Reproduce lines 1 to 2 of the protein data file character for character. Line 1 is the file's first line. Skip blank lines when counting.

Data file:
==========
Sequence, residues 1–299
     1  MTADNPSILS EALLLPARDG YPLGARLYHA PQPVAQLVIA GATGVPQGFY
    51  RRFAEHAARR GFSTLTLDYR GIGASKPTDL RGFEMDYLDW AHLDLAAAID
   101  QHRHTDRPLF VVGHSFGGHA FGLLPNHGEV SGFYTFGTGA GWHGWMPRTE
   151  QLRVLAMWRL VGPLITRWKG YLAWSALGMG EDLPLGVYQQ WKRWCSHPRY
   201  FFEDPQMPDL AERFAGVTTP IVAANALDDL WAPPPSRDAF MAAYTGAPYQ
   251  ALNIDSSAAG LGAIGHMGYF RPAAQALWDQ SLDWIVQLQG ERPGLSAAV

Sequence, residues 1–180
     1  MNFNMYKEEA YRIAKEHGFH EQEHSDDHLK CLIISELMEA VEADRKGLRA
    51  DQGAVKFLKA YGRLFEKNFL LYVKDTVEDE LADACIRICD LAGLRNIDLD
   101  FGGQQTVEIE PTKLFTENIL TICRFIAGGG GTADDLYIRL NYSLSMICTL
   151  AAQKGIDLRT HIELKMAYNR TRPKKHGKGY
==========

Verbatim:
Sequence, residues 1–299
     1  MTADNPSILS EALLLPARDG YPLGARLYHA PQPVAQLVIA GATGVPQGFY